possible that  each  of  those five  acts   could   be   done
               at  five  different  localities.  But   a       concatenation
               of all the  above  five  is  a   sine   qua   non   for   the
               completion of the offence under Section  138  of  the   Code.
               In this  context a reference to Section 178(d) of the Code is
               useful.  It is     extracted below:

                  “178. (a)-(c)    *     *     *


                 (d) where the offence consists  of  several  acts  done  in
                 different local  areas, it may be enquired into or tried by
                 a court  having   jurisdiction   over  any  of  such  local
                 areas.”


               16.     Thus it is clear, if the five different  acts   were
               done  in  five different localities any one  of  the  courts
               exercising jurisdiction  in one of the five local areas  can
               become the   place   of   trial   for   the   offence  under
               Section 138 of the Act. In other words, the complainant  can
               choose any one of those courts having jurisdiction over  any
               one of the local areas within  the  territorial  limits   of
               which  any  one  of   those  five  acts  was  done.  As  the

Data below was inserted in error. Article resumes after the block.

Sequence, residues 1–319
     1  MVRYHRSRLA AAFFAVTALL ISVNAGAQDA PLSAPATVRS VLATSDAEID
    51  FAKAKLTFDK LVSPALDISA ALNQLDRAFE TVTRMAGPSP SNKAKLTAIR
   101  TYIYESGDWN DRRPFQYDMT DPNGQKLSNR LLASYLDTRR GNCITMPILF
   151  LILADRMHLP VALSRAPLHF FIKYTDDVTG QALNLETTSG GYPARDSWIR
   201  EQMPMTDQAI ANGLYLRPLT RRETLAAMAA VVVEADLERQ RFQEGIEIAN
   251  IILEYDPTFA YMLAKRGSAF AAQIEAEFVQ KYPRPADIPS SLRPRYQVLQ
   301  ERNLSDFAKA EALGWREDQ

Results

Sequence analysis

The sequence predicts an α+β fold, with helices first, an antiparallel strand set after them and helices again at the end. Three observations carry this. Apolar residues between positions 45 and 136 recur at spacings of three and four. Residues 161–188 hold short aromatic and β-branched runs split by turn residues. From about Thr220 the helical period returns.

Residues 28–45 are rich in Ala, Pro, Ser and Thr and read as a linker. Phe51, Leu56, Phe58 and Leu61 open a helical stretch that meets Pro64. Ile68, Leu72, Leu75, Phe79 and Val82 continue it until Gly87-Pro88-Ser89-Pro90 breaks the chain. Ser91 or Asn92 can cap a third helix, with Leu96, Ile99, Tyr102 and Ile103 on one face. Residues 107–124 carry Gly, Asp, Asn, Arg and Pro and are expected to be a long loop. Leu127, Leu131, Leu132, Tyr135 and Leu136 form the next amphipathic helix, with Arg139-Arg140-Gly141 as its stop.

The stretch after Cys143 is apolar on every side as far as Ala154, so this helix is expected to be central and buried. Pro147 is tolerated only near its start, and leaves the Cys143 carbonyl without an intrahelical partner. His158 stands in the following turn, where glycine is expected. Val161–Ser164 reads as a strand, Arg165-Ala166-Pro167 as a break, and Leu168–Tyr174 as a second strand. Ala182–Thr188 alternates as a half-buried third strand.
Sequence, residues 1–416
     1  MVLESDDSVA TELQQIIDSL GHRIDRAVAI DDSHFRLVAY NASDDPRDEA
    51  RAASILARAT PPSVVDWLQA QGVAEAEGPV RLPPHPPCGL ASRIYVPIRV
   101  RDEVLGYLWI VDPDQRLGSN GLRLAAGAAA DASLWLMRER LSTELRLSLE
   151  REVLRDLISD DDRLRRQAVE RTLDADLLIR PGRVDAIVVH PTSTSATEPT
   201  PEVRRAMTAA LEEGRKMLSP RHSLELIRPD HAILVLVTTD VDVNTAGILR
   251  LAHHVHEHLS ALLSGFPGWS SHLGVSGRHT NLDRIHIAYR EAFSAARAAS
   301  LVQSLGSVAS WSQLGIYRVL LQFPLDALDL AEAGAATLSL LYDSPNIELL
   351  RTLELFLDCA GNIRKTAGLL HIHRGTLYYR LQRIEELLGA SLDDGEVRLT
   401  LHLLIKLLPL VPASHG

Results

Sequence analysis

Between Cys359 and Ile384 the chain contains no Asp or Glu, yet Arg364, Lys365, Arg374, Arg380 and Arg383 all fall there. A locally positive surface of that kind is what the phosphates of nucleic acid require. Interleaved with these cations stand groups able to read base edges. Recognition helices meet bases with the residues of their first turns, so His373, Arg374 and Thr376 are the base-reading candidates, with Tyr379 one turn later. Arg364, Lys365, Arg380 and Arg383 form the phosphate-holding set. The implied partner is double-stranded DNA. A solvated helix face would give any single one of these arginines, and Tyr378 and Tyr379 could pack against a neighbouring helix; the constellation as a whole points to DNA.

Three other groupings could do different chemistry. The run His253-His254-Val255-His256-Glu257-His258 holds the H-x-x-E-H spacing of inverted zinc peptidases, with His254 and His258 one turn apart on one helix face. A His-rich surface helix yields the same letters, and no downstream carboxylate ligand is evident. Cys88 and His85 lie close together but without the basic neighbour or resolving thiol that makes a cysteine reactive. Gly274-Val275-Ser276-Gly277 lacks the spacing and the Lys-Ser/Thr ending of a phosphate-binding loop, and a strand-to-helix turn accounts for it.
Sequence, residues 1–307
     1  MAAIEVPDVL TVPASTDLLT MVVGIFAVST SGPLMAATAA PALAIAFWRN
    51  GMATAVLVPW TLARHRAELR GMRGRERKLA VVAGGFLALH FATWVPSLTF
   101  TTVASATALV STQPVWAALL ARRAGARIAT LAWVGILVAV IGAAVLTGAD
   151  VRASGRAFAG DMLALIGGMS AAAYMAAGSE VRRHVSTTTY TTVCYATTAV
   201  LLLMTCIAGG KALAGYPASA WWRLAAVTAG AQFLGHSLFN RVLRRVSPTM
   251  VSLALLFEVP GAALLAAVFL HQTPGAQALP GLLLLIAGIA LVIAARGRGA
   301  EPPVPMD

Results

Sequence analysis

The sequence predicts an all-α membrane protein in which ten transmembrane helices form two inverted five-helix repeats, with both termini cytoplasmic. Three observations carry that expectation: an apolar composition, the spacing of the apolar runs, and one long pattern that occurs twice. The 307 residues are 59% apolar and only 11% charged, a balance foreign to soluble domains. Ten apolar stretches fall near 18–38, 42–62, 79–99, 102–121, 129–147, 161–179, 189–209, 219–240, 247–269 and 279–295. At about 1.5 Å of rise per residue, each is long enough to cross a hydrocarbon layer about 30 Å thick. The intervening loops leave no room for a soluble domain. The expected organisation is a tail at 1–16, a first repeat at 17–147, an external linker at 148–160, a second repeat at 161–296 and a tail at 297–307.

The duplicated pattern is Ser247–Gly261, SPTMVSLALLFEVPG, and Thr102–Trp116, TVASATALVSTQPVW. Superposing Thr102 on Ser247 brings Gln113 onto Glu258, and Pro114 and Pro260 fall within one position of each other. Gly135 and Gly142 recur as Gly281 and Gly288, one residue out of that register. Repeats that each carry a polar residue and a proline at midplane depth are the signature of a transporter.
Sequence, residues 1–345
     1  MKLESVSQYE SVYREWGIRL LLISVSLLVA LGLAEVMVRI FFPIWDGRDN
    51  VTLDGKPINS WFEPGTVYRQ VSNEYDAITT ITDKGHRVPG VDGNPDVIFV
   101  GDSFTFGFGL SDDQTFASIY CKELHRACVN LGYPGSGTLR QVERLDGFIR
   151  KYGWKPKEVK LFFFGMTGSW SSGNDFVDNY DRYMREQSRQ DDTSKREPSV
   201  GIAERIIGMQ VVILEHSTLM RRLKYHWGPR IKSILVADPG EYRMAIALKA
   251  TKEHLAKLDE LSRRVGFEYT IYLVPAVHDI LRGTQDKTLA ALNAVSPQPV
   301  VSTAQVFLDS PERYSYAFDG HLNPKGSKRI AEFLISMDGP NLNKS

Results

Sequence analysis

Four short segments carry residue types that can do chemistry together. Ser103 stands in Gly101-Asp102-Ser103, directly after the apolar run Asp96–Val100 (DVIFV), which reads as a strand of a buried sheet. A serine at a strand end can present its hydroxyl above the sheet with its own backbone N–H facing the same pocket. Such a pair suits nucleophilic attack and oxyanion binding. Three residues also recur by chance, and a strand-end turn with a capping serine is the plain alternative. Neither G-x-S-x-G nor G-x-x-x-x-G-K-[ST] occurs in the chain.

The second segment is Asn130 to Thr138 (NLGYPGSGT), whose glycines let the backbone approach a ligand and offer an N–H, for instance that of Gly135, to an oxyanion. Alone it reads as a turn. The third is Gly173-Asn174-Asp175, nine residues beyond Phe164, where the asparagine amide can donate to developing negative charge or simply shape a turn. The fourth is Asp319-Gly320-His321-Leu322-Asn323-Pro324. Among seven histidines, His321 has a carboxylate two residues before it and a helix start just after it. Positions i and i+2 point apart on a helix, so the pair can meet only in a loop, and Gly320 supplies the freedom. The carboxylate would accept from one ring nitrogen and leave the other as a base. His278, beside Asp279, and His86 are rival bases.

amplitude stands so  widened  and  so  expansive  it  is  an
               idle   exercise    to    raise    jurisdictional    question
               regarding the offence under Section 138 of the Act.”




      (9)    Para 11 of K. Bhaskaran (supra), as quoted above, clarified the
       place in the context  of  territorial   jurisdiction   as   per   the
      fifth  component, namely, “failure of  the drawer  to   make   payment
      within  15  days  of  the receipt.”  As   rightly   pointed   out   by
      learned  senior  counsel  for  the respondent, the place  of   failure
      to  pay  the  amount  has  been  clearly qualified by  this  Court  as
      the place where the drawer resides or   the   place  where  the  payee
      resides.  In view of the same and in the light  of  the  law laid down
      by this Court in K.Bhaskaran (supra), we are of  the  view  that   the
      learned Magistrate at  Bhiwani   has   territorial   jurisdiction   to
      try  the complaint filed by the  respondent  as  the   respondent   is
      undisputedly   a  resident  of  Bhiwani.   Further,  in  K.  Bhaskaran